Skepticism Builds On Hariri Report
Question: The Secretary-General said this morning that Mehlis’ report would be a technical report. Do you think he used the right word because I think we passed technical a long time ago with the Fitzgerald report? So, I don’t know, people are expecting more than that.The news on Assediq must indeed be embarassing for Kofi & Co. Via Nexis, Deutch Presse-Agentur reports:
Spokesman: I’m sure the Secretary-General used the right word. He was answering a question about the politicization of the report. What he was saying was that he did not want this report to be politicized but he wanted it to be a technical, investigative report.
Question: Also, yesterday, the arrest of Mr. Assediq in Paris, it’s known that most of Mehlis’ report is based on the story of this guy. Isn’t it embarrassing for the investigation that this guy was arrested? Does it question the credibility of that investigation so far or the course of the investigation?
Spokesman: I think we should all wait to see the report before judging Mr. Mehlis’ work.
French police have arrested a former member of Syria's secret services in connection with the international probe into the assassination of former Lebanese prime minister Rafik Hariri, police sources said Monday.If indeed Assediq was a key Mehlis source, why was he trying to get out of Dodge in the days preceding publication? That's easy: His days would be numbered in Syria.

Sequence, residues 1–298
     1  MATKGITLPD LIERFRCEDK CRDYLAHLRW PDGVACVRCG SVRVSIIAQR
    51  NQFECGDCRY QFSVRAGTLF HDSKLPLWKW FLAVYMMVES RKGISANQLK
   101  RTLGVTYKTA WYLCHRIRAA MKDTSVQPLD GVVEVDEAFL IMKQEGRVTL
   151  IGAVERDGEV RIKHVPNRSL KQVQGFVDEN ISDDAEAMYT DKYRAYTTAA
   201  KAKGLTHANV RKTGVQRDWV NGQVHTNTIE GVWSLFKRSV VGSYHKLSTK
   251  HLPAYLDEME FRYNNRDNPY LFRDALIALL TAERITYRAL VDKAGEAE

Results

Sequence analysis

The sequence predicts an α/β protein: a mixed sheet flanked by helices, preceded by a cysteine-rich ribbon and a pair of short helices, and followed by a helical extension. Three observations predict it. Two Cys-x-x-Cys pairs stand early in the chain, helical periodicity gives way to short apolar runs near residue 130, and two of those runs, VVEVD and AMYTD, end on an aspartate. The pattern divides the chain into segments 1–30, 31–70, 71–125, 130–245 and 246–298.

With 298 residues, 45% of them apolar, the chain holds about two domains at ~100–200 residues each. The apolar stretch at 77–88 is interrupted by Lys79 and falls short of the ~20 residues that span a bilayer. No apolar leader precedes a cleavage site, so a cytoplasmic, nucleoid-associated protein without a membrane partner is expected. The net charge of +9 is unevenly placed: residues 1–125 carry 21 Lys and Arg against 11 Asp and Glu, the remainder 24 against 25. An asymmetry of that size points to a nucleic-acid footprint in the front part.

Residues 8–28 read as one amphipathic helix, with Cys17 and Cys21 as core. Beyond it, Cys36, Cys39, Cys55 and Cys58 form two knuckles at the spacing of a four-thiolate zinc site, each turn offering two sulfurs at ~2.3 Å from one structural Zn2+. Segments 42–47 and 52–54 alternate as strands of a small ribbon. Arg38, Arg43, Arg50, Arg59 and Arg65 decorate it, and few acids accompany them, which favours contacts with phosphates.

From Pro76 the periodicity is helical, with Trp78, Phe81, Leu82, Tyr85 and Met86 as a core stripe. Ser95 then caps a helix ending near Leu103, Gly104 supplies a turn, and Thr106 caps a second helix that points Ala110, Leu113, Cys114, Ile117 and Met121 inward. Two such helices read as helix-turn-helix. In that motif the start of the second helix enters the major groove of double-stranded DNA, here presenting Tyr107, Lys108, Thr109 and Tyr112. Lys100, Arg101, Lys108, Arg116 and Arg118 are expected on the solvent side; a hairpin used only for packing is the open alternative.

Acting on an international arrest warrant, police detained Zouheir Mohammad Assediq on Sunday because Lebanese magistrates as well as the U.N. commission of inquiry headed by German judge Detlev Mehlis want to talk to the one-time Syrian security officer.
Details about Assediq's possible involvement in the February 14 bombing death of Hariri were not provided. An eagerly awaited report by Mehlis on his investigation into the assassination is scheduled to be released on October 21.
But why was he arrested, instead of ditching via a negotiated agreement with the UN? That, my friends, is the sign of a guy who was double-dealing and got caught in the act. And that would make a reasonable person suspect those portions of the report that are based on his evidence.